Thinking About Shrinkage
Dessau is a strange little town in the former East Germany that appears to have been built by several different societies working at cross-purposes—as indeed it was. Once an outpost of the Holy Roman Empire, the city later became famous as the home of the Bauhaus School of Design. But after the Allies reduced Dessau to rubble in 1945, the Russians swooped in with masses of ridiculously oversize prefabricated apartment blocks. Today it’s one of a growing number of places around the world suffering from the “shrinking cities” phenomenon, having lost more than 20,000 residents since the reunification of Germany in 1990.
In response to the demographic decline, the Bauhaus Dessau Foundation has launched a dramatic urban-reclamation effort, one of several pilot projects under way in the Saxony-Anhalt region that attempt to readjust cities’ built environments to their current economic, political, and social conditions. The results so far are on display until the end of the month at the Venice Architecture Biennale’s Updating Germany exhibition and through December at Archilab, in Orléans, France.
These two shows offer a preliminary look at six years of bold experimentation by the International Building Exhibition: Urban Redevelopment 2010, or IBA, an initiative launched in parallel to the Bauhaus-sponsored Shrinking Cities exhibition that toured several U.S. cities last year. But whereas Shrinking Cities was intentionally artistic and academic, the IBA has been testing and applying strategies for addressing urban shrinkage on a large scale. “Artists, architects, and designers always reacted to circumstances of growth,” says Omar Akbar, director of the Bauhaus Dessau Foundation since 1998. “Now we have stagnation. We have to think in another way.”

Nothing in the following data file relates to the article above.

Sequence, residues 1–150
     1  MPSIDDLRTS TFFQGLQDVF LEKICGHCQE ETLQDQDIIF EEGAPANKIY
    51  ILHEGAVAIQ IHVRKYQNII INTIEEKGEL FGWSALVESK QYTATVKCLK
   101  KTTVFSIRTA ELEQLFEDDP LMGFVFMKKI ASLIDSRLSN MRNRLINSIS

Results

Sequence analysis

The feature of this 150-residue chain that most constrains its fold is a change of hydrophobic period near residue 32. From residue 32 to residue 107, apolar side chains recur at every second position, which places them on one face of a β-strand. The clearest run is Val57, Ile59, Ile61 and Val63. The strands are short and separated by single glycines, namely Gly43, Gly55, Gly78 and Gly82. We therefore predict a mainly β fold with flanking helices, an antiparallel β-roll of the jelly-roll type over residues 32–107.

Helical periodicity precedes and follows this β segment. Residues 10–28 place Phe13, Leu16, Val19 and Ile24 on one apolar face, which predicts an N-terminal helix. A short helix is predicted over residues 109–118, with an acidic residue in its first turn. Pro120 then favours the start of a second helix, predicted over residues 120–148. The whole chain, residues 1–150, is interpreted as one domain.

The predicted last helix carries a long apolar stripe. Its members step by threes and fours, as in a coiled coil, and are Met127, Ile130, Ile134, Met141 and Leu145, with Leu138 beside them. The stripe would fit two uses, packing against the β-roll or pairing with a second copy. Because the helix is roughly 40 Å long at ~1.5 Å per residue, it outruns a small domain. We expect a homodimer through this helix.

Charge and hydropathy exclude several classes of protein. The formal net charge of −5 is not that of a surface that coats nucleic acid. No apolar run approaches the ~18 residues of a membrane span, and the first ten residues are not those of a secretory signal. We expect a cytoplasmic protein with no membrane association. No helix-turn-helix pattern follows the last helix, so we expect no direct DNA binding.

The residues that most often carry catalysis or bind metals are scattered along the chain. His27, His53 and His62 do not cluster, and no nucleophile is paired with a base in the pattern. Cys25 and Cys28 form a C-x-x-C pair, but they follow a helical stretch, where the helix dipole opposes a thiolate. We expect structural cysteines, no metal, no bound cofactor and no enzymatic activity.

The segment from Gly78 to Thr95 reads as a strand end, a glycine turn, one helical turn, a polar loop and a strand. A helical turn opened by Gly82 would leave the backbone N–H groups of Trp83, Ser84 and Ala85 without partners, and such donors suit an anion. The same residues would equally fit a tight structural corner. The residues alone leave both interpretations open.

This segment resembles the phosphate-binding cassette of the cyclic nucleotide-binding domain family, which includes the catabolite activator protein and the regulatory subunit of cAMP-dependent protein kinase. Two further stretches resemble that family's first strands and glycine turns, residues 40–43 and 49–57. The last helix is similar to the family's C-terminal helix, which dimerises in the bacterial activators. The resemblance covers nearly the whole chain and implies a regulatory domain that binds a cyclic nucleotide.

Each of the IBA’s 19 demonstration projects has adopted a different tack in response to local conditions. The cities of Bitterfeld and Wolfen were restructured into one administrative entity. Eisleben is boosting tourism efforts to highlight its history as Martin Luther’s birthplace. But the most radical strategy was tried in Dessau; to date, 2,642 units of largely abandoned housing have been demolished to create open spaces, surrounded by dense islands of activity, that can be reclaimed by citizens. “It’s the clearest idea of the transformation of a city,” says Sonja Beeck, the project manager for the Dessau intervention. “Shrinking a little bit at the edges is pretty obvious, but finding strategies to cut out big landscape zones in the middle is a big idea.”